FDA urged to let women get abortion drugs by mail during coronavirus crisis
By Kate Sheehy
March 30, 2020
The FDA is being urged to let women receive abortion-inducing drugs through the mail amid the coronavirus rather than have to leave their homes to get them.
“While any woman who wants to go into a doctor’s office or into a clinic today and get an abortion should continue to be able to do so, control over one’s reproductive freedom should not be limited to those able to leave their homes as we battle the coronavirus,” New York Attorney General Letitia James said in a statement Monday — echoing a letter sent by her and 20 other top law-enforcement officials to the FDA urging an easing-up of restrictions.
2020 Dems Say They'll Protect Abortion Access. We Asked Them About Pills
We asked every Democrat who qualified for the debate about expanding access to medication abortion.
by Marie Solis; illustrated by Hunter French
Dec 16 2019
The October and November debates finally saw Democratic presidential candidates answer questions about abortion from moderators, months after reproductive health organizations and pro-choice advocates launched a pressure campaign to get 2020 contenders to talk about the issue on primetime television.
So far, candidates' plans for protecting abortion rights have consisted primarily of pledges to codify Roe v. Wade, which would require pro-choice majorities in the House and Senate to pass federal legislation upholding the principles of Roe in the event that the Supreme Court overturns or guts the 1973 decision.
In First, California Would Require Public Universities to Provide Abortion Pills
The bill, if signed by the governor, would mark a new way of giving women access to abortion as conservative states tighten restrictions.
By Pam Belluck
Sept. 14, 2019
At a time when conservative states are sharply limiting abortion access, California signaled a new frontier in abortion-rights on Friday with the passage of legislation that would require all public universities in the state to provide medication abortion on campus.
The bill, which would use money raised from private donors to equip and train campus health centers, grew out of a student-led movement at the University of California, Berkeley, and it has sparked the introduction of a similar bill in Massachusetts.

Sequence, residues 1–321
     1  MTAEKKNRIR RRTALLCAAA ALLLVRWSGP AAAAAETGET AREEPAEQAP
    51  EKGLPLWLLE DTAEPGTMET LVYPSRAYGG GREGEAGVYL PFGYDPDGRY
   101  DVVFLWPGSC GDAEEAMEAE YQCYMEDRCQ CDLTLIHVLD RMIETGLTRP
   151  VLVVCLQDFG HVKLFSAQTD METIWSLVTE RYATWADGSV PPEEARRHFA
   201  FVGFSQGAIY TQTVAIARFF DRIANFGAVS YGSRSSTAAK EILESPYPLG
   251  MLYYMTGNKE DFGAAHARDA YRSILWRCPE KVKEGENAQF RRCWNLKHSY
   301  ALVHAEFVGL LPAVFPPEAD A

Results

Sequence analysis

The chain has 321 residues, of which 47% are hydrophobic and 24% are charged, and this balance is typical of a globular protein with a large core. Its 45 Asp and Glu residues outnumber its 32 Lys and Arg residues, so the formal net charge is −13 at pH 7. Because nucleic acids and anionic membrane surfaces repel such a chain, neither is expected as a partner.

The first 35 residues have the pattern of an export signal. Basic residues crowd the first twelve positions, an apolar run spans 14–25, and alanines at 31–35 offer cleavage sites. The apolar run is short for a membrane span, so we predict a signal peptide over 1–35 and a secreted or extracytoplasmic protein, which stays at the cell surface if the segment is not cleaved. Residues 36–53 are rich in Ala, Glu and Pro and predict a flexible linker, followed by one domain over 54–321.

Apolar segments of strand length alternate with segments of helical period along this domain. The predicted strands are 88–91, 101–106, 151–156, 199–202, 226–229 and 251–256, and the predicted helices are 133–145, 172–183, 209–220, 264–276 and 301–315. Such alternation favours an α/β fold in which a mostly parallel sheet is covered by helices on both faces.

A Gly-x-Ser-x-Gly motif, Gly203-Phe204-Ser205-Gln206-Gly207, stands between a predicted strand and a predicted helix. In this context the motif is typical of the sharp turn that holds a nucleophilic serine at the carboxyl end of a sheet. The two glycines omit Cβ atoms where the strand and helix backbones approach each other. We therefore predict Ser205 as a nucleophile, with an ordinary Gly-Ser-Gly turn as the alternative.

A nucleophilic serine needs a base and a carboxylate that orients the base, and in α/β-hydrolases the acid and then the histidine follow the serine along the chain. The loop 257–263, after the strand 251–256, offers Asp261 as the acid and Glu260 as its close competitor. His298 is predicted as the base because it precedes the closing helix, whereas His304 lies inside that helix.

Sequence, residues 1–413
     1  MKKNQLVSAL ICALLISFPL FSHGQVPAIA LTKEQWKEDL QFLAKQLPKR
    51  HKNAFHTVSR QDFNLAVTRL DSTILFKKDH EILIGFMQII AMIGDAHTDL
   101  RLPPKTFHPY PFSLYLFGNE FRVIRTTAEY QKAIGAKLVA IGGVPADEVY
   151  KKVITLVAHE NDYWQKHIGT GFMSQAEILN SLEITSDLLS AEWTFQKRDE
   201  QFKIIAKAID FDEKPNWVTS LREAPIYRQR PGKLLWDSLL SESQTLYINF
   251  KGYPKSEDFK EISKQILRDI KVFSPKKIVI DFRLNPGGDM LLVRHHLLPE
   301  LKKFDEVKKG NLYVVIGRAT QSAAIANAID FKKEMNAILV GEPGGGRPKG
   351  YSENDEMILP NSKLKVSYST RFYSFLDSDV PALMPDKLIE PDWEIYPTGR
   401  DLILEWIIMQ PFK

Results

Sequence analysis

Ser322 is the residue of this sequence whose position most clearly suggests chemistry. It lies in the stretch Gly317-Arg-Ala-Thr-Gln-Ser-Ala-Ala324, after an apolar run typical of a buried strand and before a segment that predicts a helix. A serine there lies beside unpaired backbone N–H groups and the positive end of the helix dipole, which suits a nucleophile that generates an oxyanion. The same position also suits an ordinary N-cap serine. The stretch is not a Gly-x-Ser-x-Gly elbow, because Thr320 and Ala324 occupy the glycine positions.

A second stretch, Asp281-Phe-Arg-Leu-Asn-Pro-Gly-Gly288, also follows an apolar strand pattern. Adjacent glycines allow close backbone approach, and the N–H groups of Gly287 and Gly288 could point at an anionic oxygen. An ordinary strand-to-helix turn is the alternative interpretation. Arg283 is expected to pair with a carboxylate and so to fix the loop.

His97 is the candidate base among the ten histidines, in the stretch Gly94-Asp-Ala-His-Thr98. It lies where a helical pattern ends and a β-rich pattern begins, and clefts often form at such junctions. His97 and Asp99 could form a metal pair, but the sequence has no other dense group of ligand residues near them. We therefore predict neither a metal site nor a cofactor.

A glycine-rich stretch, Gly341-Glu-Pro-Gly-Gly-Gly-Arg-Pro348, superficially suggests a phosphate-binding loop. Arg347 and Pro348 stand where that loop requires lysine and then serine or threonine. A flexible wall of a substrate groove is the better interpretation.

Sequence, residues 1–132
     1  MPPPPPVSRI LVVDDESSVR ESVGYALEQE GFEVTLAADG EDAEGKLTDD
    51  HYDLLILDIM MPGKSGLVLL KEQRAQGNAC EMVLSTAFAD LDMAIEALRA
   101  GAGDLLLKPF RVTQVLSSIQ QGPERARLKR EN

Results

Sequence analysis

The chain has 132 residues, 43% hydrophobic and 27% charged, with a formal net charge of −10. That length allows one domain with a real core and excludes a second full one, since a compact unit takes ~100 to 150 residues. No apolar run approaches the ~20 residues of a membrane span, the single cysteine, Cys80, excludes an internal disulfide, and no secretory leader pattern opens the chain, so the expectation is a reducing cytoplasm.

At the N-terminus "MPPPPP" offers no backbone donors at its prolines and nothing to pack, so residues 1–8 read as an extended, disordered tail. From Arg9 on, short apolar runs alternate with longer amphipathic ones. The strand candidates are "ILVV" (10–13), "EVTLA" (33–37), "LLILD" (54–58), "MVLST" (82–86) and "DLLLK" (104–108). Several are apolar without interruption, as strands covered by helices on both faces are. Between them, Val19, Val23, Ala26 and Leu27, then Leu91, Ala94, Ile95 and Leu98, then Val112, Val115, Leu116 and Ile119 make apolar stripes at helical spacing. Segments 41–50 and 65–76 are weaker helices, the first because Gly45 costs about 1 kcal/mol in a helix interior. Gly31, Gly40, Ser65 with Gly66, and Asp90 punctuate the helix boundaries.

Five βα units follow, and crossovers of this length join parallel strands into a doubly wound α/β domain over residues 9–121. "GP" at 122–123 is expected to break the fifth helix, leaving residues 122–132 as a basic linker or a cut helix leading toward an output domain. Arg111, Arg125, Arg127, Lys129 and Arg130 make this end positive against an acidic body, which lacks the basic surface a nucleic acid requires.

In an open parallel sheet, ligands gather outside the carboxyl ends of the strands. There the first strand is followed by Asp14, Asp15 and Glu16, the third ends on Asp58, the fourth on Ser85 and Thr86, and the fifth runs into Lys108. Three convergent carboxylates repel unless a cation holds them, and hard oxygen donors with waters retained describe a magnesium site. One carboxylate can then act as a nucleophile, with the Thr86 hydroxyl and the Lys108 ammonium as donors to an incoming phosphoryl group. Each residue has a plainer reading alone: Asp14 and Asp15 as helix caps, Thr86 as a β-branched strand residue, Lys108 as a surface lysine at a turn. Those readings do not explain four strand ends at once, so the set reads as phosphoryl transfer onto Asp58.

European Doctor Who Prescribes Abortion Pills to U.S. Women Online Sues FDA
September 9, 2019
A European doctor who prescribes abortion pills to American women over the Internet is suing the Food and Drug Administration in an effort to continue providing the medications to patients in the United States.
The lawsuit being filed Monday in federal court in Idaho names several federal officials, including U.S. Health and Human Services Secretary Alex Azar.
Abortion Pills Should Be Everywhere
I bought them online. They’re easy to get, and they’ll change everything.
By Farhad Manjoo, Opinion Columnist
Aug. 3, 2019
One afternoon about a year ago, just as the Senate began considering Brett Kavanaugh’s nomination to the Supreme Court, I logged on to Day Night Healthcare, an online pharmacy based in India, and ordered a pack of abortion pills. A few hours later, I got a call from a Day Night customer-service agent with a warning. If my credit-card company called to ask about the purchase, “tell them you approve the charge, but don’t say what it’s for,” the man advised. “If they ask, say it’s gym equipment, or something like that.”
In fact, the bank never called, and in a week and a half, a small brown envelope — bearing a postmark not from India but from New Jersey — arrived in the mail.
An Update on Abortion Pills From the World Health Organization Undermines How the U.S. Regulates Them